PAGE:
The story of Singapore’s mainstream print media is really two stories. One is political – the management or control of public opinion in a new environment. The other is keeping it alive commercially in today’s new information world where print media is a sunset business.
Nothing is going to change for the first – so long as the ruling People’s Action Party refuses to allow space for alternative views from a growing number of wakened Singaporeans – and because of that, staying alive commercially is always going to be impossible: who wants to pay to read His Master’s Voice propaganda? Singapore Press Holdings’ plan to restructure its media arm into a not-for-profit entity amid falling revenue is just another desperate attempt to find a solution to a conundrum. At the same time, it could also be that of singing and selling a public song to camouflage two conflicting truths – poor management or the intended but unsaid dismantling of SPH’s still considerable assets when Ng Yat Chung was sent over to be CEO.
First, the political part.
The PAP’s attitude towards local press is well-known and well-documented. For Lee Kuan Yew, the press had no role in politics, much less be some kind of pillar of democracy or a fourth estate like in the West where the media played an active, often adversarial, check and balance role. The press here was simply a state tool to publicise and explain government policies. LKY’s dictum was: if you wanted to oppose policies, become a politician and make your stand as one, not from the sideline. Fight it out in the polls, and not muddy up the pages of newspapers. He was prepared to shut down any newspaper which believed or acted otherwise. The list of casualties included Nanyang Siang Pau and Singapore Herald. In the early years, LKY actually left The Straits Times alone, so long as it behaved itself. At that stage, the paper was in the hands of people who were not exactly enamoured of the PAP but were no rabble-rousers.
I would say LKY did not pay much attention during the busy post-independence era. If ST became a nuisance, he would just close it down and allow another one to replace it. We all know it was then Culture Minister S Rajaratnam who advised against such a move: why not take over and make use of it? As they say, the rest is history. Rajaratnam, who used to be a leader writer for the Singapore Standard, understood better the value of co-opting rather than destroying a running and viable instrument.
Political control was the easy part. Not satisfied with the periodic coffee break or lunch meetings to establish a lopsided (master/follower) bonhomie , the government obviously wanted to take over the newspaper operation. Step by step, scholars of every shade and size and bureaucrats from all kinds of ministries were planted in The Straits Times. The professional journalists, with years of proven and unquestionable experience, found themselves having to listen and report to these pseudo journalists. I must point out, however, some of these co-opted staffers did turn out to be good journalists and probably were persuaded to the cause of meaningful journalism. Some are still there. Good for them.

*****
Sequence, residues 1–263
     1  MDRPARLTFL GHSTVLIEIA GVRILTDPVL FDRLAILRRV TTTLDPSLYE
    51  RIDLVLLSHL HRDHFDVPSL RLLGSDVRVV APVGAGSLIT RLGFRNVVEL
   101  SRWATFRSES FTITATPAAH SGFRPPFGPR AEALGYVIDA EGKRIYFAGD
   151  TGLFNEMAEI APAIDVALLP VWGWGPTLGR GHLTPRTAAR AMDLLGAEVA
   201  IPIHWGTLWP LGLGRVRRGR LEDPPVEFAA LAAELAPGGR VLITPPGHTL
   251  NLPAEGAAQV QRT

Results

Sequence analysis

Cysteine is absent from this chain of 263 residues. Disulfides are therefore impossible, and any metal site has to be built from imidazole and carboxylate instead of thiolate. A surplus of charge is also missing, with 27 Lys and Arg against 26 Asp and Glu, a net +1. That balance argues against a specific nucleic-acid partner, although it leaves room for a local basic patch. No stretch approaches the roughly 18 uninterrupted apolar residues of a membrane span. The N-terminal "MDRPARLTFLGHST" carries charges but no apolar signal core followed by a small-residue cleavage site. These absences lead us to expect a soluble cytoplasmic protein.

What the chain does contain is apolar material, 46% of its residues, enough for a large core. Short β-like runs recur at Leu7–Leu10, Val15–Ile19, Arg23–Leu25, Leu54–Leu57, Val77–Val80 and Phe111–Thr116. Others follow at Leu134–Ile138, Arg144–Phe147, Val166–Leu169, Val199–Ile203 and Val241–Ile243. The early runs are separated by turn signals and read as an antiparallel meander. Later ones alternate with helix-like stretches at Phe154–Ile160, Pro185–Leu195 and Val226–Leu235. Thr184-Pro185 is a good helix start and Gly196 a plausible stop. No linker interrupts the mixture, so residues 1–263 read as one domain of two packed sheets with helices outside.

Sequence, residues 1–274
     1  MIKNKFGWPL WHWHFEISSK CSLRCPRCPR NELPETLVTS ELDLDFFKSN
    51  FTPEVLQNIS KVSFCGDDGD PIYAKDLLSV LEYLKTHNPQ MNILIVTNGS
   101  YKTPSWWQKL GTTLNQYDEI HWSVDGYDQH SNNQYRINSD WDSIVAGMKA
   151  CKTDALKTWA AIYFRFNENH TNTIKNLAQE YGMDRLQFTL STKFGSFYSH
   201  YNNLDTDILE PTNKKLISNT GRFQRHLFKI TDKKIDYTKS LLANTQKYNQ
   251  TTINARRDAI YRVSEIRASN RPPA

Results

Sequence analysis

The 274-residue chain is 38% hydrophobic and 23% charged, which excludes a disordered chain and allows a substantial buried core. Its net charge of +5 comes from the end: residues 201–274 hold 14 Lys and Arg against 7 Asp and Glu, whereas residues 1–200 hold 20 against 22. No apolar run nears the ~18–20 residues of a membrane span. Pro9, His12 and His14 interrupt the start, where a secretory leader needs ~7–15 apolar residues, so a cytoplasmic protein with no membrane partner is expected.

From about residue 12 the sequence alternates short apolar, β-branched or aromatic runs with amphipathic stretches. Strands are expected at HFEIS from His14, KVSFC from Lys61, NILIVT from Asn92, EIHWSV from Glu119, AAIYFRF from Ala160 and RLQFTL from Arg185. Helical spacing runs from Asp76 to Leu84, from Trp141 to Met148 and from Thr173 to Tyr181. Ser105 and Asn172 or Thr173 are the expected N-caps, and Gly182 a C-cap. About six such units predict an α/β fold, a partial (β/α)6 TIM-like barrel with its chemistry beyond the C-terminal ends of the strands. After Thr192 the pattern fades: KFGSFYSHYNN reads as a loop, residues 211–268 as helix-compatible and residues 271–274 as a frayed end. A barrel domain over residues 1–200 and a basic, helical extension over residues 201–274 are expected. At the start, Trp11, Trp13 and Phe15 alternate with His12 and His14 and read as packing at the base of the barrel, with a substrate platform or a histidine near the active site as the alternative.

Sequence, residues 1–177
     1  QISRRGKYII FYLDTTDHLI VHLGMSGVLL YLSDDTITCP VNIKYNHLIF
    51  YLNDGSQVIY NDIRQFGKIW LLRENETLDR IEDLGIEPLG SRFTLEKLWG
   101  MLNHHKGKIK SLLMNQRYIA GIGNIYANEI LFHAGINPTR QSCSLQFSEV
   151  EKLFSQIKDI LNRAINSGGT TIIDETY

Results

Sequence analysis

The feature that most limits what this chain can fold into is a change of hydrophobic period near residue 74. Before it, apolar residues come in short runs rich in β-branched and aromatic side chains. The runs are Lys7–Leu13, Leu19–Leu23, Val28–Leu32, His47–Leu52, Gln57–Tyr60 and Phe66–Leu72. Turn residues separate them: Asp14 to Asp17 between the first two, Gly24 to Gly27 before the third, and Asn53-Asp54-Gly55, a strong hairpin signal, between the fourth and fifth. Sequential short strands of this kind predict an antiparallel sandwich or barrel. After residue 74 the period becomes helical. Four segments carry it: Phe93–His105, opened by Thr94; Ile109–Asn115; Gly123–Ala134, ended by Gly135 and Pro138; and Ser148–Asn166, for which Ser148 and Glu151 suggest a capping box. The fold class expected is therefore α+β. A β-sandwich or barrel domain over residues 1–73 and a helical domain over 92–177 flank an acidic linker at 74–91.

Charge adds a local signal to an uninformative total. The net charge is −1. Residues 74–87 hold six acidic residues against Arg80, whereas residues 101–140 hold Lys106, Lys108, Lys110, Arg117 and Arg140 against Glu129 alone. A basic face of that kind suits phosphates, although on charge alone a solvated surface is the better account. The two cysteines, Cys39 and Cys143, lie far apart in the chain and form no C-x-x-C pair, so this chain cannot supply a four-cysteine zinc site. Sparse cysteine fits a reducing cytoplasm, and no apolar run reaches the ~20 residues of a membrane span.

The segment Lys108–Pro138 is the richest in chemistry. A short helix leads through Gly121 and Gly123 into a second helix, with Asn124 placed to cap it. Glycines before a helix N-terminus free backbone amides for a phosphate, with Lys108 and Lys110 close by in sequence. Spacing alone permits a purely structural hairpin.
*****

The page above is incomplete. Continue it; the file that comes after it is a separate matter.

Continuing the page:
Also, just before the current set of senior editors (I mean those really at the top and not the whole caboodle of tan chiak careerists), there was a transition period. Older editors who rose from the ranks were still in charge. But not for long. They were fighting a losing battle against the final emergence of commissars and apparatchiks who would eventually take over editorial control.
At a later stage of the government’s increasing interest in SPH came the (voila!) discovery that the media conglomerate was rich. It also owned properties. SPH was a useful resource which, earlier, looked truly like a cash cow that could do no wrong commercially. One top civil servant after another, one ex-minister after another benefitted from the SPH’s sudden extra role as a grazing farm for retirees, complete with limousines, nice offices and God knows what other perks.
When it became clear as SPH profits began to dip, notwithstanding the group’s monopolistic advantage, that the print media business was a dying one, something had to be done.
But why was Ng Yat Chung made SPH’s CEO? Was he the right man to rescue the newspaper group in troubled times, since he came with a record of having steered NOL, the national shipping line, into the water? His explanation for his failure was that NOL did not have “the scale” to be a premium line while admitting that it was “a bit slow and reluctant to change”. French shipping line CMA CMG took over and eventually turned it around in 2017.
So why? It could be that Ng’s experience at NOL made him a good fit to understand the challenge of finding a new role for a company heading towards an uncertain period. If that was so, he might well be the best person to unlock and extract new value and to plan for that eventuality.
Was he brought there for that specific purpose, to plan for and oversee the breakup of SPH?
Does not really matter.
Call it what you may, CLG (company limited by guarantee), “meaningful journalism”, China porcelain bowl, SPH Media Holdings or whatever, the mainstream print media will continue to become less and less relevant.
I ask again: who wants to pay to read HMV state propaganda?
Tan Bah Bah, consulting editor of TheIndependent.Sg, is a former senior leader writer with The Straits Times. He was also managing editor of a local magazine publishing world.
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